TALLAHASSEE-- The National Jurist’s 2016 issue of preLaw Magazine has named the Florida State University College of Law one of the top 15 Best Value law schools in the country.
Florida State rose to No. 9 in the latest ranking by the National Jurist, marking the school’s eight consecutive year in the Top 15. In determining the institutions to be honored, preLaw magazine looked into the debt and employment success rates of the schools. The criteria also includes tuition fee costs of the schools. The list of Best Value Schools are based on the bar passage success rates and the cost of living in the surrounding communities. In a nutshell, the schools named in the list are offering low student debt while also guaranteeing high employment success rate.
“We are thrilled to be ranked among the nation’s top 10 best law schools in terms of value, especially because employment rate is the highest weighted factor in this ranking,” s Dean Erin O’Connor in a press release following the announcement of Florida State’s standing. “Providing students with a world-class legal education at a relatively low cost is a central mission of FSU Law, and it plays an important role in facilitating students’ career options.”
For the 2016 issue, only 58 schools made it to the magazine’s list compared to 64 institutions recognized in 2014. Some schools from the previous lists that failed to make the 2016 issue, included Michigan Statey, Boston College, Southern Illinois University, UC-Irvine, UC-Davis School of Law, Emory University School of Law, University of Illinois and Notre Dame Law School. However, there were also newcomers in the group including the University of Idaho, University of Nevada Las Vegas, University of Tennessee and West Virginia University. Florida State rose four spots this year.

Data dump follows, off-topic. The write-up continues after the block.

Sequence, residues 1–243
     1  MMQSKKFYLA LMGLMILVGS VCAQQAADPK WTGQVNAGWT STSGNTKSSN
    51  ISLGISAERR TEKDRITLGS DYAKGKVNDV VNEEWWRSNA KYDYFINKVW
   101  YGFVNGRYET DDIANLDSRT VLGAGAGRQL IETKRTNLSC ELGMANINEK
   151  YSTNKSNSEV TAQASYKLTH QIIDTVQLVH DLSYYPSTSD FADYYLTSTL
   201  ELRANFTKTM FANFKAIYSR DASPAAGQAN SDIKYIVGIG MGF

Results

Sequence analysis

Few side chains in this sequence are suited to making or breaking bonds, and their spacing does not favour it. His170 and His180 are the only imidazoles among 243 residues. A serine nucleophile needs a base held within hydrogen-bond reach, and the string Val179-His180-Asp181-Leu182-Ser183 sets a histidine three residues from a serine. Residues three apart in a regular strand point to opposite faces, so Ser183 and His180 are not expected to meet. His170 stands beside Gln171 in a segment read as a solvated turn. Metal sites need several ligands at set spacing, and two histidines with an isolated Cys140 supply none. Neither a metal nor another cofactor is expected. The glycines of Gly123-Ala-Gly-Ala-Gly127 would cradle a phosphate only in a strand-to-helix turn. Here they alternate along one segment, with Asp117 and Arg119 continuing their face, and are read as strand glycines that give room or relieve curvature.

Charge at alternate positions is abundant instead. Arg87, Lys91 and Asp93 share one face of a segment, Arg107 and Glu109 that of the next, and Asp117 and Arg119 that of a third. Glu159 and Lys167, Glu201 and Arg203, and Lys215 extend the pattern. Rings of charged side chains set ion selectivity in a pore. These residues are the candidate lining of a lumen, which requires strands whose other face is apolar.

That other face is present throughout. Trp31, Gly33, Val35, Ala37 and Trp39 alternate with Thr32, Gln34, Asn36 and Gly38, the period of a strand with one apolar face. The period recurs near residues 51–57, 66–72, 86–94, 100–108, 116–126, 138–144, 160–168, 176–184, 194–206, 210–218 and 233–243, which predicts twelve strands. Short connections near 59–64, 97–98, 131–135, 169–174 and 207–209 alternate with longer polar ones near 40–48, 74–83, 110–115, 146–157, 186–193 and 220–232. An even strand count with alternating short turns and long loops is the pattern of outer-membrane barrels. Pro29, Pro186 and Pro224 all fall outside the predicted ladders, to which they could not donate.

Meanwhile, the University of Nebraska once again landed the top spot for the second year in a row. The University of Kentucky College of Law, which finished fourth last year, is second. Third and fourth are the University of Florida and Georgia State University, respectively. The University of Arkansas ranked fifth while the University of Alabama slid to sixth. Rounding out the top 10 were University of New Mexico, University of Idaho, FSU and University of Georgia.
The Best Value Methodology of the magazine allocates 15 percent for the percentage of graduates who pass the bar exam, 35 percent for the employment rate, 25 percent for the tuition costs, 10 percent for the cost of living and 15 percent for the average indebtedness upon graduation.
Florida State University achieved 83.7 percent in employment rate while the debt incurred by its students reached $82,102. The living expenses in the community amounted to an estimated $18,200. The tuition costs totaled $20,683.